News

Teenagers and young adults are getting the chance to pick up some work experience and a bit of spending money this summer and fall, through a new program run by Escambia County.

About 40 kids will make up the inaugural Youth Employment Program, which is set to kick off next month. County residents between the ages of 16-20, whose family household income is at or below 200 percent of the 2017 poverty level, are eligible to apply.

Moto Electric Vehicles

Visitors to downtown Pensacola could be able to park and ride later this month, thanks to six new electric trolleys from Gulf Island National Seashore.

With the park’s ferry service in limbo the new electric trolleys, each consisting of motor and trailer units, are being loaned to the City of Pensacola. Each vehicle can hold 27 passengers.

Bob Barrett / WUWF News

Another historical figure from Pensacola’s past is getting a monument downtown. "What makes great cities is art and culture" said Pensacola Mayor Ashton Hayward speaking to a crowd of donors and dignitaries Monday morning. They were gathered for a groundbreaking ceremony for a monument to Revolutionary War hero Bernardo de Galvez, the general who drove the British out of Pensacola during the Battle of Pensacola.

As part of getting ready for the 2018 election cycle, Escambia County’s Supervisor of Elections recently attended a meeting in San Antonio, Texas on military and overseas voting.

For several years now, David Stafford and Okaloosa County Elections Chief Paul Lux have been involved with the Overseas Voting Initiative, working with the Pentagon and the Council of State Governments.

Senate Republicans are wasting no time showing they have little use for the House bill to repeal and replace Obamacare.

Needing 216 votes for passage, the Republican-controlled House approved the plan 217-213, with 20 GOP defections. Among those voting “yes” was Republican Matt Gaetz – who represents the western Florida Panhandle.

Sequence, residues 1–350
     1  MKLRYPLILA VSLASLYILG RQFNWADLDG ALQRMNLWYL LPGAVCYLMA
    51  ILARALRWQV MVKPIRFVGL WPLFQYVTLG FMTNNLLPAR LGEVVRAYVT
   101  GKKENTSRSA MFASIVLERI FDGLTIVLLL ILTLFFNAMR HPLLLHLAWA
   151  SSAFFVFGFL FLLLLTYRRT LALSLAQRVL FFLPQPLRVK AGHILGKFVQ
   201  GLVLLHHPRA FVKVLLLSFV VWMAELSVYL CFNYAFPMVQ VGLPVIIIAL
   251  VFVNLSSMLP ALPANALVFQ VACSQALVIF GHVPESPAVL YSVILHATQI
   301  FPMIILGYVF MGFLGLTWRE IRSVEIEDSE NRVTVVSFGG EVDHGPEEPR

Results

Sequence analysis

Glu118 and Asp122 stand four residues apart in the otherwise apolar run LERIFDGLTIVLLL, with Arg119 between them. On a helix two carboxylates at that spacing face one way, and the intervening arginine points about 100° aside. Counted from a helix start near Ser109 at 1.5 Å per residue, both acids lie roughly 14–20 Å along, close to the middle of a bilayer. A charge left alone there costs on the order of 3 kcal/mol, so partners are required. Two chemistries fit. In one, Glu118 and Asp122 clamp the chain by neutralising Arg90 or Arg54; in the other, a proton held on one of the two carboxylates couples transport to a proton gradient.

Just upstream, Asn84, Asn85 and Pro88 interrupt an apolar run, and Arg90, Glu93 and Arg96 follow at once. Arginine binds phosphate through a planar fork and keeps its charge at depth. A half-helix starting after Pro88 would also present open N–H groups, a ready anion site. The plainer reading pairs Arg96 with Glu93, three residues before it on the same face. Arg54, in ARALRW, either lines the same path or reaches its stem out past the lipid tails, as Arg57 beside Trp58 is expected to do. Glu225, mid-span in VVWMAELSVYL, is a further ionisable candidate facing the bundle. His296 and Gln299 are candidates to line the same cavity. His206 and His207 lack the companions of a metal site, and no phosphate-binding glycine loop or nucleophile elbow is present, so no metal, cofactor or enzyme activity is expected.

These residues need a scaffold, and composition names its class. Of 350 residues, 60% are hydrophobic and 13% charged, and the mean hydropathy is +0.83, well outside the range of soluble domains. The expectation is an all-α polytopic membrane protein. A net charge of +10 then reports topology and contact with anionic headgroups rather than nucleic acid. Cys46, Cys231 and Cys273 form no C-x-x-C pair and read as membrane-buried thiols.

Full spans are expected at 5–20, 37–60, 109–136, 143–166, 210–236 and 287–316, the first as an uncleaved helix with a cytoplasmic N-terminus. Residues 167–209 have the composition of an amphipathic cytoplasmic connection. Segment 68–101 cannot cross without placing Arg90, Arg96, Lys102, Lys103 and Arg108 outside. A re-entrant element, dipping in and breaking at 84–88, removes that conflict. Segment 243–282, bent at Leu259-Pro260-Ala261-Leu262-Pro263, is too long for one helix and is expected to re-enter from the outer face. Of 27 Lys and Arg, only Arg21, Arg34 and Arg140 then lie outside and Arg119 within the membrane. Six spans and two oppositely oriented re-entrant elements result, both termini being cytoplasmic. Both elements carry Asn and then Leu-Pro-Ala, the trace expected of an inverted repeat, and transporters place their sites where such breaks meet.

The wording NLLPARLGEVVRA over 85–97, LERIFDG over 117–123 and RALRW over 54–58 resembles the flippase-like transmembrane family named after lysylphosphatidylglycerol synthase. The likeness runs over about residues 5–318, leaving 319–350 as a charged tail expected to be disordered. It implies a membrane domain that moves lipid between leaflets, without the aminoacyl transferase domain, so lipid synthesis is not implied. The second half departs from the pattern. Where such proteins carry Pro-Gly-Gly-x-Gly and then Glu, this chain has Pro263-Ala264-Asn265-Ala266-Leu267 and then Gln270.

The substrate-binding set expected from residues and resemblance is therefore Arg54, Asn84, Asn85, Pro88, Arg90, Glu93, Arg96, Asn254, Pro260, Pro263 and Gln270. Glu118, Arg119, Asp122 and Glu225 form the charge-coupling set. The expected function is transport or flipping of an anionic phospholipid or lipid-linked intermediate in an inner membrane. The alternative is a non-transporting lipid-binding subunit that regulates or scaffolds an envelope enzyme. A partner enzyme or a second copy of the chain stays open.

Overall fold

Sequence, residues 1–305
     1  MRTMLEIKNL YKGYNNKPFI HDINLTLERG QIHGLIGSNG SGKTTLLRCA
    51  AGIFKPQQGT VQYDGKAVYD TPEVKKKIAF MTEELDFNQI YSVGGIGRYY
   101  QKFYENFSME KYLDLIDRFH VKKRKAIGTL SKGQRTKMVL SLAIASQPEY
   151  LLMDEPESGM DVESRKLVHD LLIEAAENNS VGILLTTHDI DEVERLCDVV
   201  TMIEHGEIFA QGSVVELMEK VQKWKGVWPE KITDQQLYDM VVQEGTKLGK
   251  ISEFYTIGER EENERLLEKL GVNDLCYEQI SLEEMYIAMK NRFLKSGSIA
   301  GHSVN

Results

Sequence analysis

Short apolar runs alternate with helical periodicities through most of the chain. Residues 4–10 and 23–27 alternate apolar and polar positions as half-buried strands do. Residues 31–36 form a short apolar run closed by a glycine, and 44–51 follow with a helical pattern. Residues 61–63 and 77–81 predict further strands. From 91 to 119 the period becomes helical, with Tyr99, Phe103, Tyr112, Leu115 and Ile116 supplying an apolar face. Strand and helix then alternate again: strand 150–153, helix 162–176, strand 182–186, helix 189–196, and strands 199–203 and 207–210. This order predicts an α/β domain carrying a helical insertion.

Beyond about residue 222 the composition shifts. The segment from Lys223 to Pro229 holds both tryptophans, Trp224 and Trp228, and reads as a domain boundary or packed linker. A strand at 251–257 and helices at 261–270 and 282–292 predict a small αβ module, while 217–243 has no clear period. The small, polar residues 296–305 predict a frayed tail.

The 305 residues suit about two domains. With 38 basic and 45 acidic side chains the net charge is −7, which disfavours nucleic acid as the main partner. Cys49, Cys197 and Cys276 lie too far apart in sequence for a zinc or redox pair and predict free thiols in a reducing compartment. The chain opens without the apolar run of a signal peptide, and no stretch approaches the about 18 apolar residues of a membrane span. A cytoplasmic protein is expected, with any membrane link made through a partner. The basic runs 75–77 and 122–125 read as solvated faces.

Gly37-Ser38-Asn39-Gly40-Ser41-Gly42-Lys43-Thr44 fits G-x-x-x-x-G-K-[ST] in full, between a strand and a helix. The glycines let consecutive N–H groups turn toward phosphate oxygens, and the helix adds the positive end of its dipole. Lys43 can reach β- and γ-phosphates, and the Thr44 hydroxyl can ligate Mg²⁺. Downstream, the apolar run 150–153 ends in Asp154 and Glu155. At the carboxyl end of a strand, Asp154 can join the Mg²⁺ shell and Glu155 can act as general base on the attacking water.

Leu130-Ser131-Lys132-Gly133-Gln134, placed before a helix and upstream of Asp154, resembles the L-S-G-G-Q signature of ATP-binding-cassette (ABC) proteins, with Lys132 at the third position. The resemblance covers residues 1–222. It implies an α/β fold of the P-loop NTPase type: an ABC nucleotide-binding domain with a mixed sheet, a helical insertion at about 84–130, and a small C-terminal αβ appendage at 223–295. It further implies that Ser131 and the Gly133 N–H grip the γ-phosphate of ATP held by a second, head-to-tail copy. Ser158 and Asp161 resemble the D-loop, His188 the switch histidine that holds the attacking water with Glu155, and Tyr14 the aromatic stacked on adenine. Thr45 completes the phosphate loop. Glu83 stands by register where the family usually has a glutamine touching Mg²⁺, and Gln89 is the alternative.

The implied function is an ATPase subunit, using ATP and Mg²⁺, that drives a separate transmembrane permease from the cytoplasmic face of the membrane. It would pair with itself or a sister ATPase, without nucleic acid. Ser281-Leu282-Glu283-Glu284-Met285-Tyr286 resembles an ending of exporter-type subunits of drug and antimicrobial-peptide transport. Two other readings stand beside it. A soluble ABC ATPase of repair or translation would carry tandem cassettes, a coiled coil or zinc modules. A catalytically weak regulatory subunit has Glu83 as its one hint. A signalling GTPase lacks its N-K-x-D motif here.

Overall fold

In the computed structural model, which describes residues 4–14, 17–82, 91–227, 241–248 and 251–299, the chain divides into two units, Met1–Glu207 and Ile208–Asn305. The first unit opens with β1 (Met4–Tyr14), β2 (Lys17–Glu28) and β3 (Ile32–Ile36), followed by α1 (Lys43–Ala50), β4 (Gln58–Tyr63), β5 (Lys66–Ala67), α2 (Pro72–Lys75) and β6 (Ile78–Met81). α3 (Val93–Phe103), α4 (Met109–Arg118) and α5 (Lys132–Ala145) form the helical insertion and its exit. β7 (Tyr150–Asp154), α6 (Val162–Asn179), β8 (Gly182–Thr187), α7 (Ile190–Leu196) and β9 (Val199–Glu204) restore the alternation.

EOD Warrior Foundation

Military bomb-disposal technicians who’ve been killed in the line of duty will be honored during a ceremony Saturday at Eglin Air Force.

This will be the 48th Annual EOD Memorial Ceremony, which is held every year on the first Saturday in May.

Bob Barrett / WUWF News

A building project in Pensacola is using new technology and construction techniques to make the area’s first so-called Smart Home.  The project is located on a waterfront lot near the Pensacola Country Club. When completed, it will be a solar powered, single family home surrounded by mature oak trees.

The Florida House and Senate have unanimously passed legislation that ensures funds from the 2010 Deepwater Horizon/BP oil-spill settlement will remain in Northwest Florida.

Lawmakers approved HB 7077  and the Senate version SB 364, establishing the Gulf Coast Economic Corridor for eight most disproportionately affected counties.

The votes ended months of debate and guaranteed that the bulk of Florida’s $2 billion dollar share of the BP Settlement money would come to the western Panhandle.

Dave Dunwoody, WUWF Public Media

With less than a month before the kickoff to Hurricane Season 2017, the annual exercise to prepare for such an event was held Wednesday morning at the Escambia County Emergency Operations Center.

The “war room” was filled with representatives from various government agencies, along with other organizations charged with helping out in the event of a disaster. The man in charge? Escambia Public Safety Director Mike Weaver.

IHMC

Over many years during my career at the Pensacola News Journal my picture ran with my weekly column. So a lot of readers I did not know knew what I looked like.

Dave Dunwoody, WUWF Public Media

While the 2018 campaign for the U.S. Senate has not begun officially, it is clearly underway.

November 6, 2018 is still 18 months away but incumbent Democrat Bill Nelson and Gov. Rick Scott, the presumptive Republican challenger, are already gearing up.

“Most people think that’s going to be the race; we don’t know if someone else is going to enter. But it will be a very expensive, highly competitive race,” says Susan McManus, a political scientist at the University of South Florida.